Climate-smart agricultural practices influence the fungal communities and soil properties under major agri-food systems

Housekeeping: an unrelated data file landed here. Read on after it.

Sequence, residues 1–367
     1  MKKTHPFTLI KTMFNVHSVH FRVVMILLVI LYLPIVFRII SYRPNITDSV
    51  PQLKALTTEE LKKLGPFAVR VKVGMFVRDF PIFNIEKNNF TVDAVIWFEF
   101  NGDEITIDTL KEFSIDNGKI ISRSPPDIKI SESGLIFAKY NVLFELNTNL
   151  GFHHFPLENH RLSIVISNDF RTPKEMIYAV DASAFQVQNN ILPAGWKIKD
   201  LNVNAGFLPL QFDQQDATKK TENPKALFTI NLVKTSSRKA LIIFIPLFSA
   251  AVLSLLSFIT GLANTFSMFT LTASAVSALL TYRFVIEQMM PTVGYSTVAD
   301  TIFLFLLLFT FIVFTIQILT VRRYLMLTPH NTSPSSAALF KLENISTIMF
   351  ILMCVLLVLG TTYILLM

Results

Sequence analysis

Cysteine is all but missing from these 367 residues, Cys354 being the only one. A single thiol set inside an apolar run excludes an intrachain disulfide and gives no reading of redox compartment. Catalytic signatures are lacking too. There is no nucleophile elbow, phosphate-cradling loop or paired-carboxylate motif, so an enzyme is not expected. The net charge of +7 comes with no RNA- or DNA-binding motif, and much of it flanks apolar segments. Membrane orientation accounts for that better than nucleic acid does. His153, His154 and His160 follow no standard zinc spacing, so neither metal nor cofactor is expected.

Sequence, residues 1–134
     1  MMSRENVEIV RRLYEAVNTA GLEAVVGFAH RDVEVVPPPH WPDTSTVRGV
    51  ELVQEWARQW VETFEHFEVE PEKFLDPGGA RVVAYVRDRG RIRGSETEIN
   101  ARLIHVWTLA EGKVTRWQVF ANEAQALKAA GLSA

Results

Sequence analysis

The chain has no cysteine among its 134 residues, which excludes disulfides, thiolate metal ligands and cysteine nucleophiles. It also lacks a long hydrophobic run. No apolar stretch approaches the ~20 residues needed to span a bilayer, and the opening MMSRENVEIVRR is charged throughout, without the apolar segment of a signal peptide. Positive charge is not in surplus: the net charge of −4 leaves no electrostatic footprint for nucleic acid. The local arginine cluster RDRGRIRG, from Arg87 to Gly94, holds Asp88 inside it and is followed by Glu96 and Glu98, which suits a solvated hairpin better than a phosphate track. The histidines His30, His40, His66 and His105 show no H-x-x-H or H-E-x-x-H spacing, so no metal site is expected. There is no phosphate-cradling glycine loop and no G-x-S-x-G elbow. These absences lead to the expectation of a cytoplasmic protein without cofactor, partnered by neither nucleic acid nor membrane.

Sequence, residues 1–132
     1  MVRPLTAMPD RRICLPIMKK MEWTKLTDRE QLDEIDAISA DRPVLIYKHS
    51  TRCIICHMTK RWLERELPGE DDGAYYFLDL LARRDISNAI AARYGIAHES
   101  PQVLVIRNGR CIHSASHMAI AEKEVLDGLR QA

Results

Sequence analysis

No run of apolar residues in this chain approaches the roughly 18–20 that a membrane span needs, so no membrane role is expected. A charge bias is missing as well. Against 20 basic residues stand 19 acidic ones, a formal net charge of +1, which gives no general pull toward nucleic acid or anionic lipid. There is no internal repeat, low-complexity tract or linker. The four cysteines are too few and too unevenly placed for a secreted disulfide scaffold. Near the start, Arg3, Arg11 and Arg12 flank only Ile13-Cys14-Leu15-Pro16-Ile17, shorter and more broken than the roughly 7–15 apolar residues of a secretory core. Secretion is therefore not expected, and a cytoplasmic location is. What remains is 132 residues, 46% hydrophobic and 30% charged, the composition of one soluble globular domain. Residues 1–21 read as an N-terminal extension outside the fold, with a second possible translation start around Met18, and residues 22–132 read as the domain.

Fungal communities in agricultural soils are assumed to be affected by climate, weather, and anthropogenic activities, and magnitude of their effect depends on the agricultural activities. Therefore, a study was conducted to investigate the impact of the portfolio of management practices on fungal communities and soil physical–chemical properties. The study comprised different climate-smart agriculture (CSA)-based management scenarios (Sc) established on the principles of conservation agriculture (CA), namely, ScI is conventional tillage-based rice–wheat rotation, ScII is partial CA-based rice–wheat–mungbean, ScIII is partial CSA-based rice–wheat–mungbean, ScIV is partial CSA-based maize–wheat–mungbean, and ScV and ScVI are CSA-based scenarios and similar to ScIII and ScIV, respectively, except for fertigation method. All the scenarios were flood irrigated except the ScV and ScVI where water and nitrogen were given through subsurface drip irrigation. Soils of these scenarios were collected from 0 to 15 cm depth and analyzed by Illumina paired-end sequencing of Internal Transcribed Spacer regions (ITS1 and ITS2) for the study of fungal community composition. Analysis of 5 million processed sequences showed a higher Shannon diversity index of 1.47 times and a Simpson index of 1.12 times in maize-based CSA scenarios (ScIV and ScVI) compared with rice-based CSA scenarios (ScIII and ScV). Seven phyla were present in all the scenarios, where Ascomycota was the most abundant phyla and it was followed by Basidiomycota and Zygomycota. Ascomycota was found more abundant in rice-based CSA scenarios as compared to maize-based CSA scenarios. Soil organic carbon and nitrogen were found to be 1.62 and 1.25 times higher in CSA scenarios compared with other scenarios. Bulk density was found highest in farmers’ practice (Sc1); however, mean weight diameter and water-stable aggregates were found lowest in ScI. Soil physical, chemical, and biological properties were found better under CSA-based practices, which also increased the wheat grain yield by 12.5% and system yield by 18.8%. These results indicate that bundling/layering of smart agricultural practices over farmers’ practices has tremendous effects on soil properties, and hence play an important role in sustaining soil quality/health.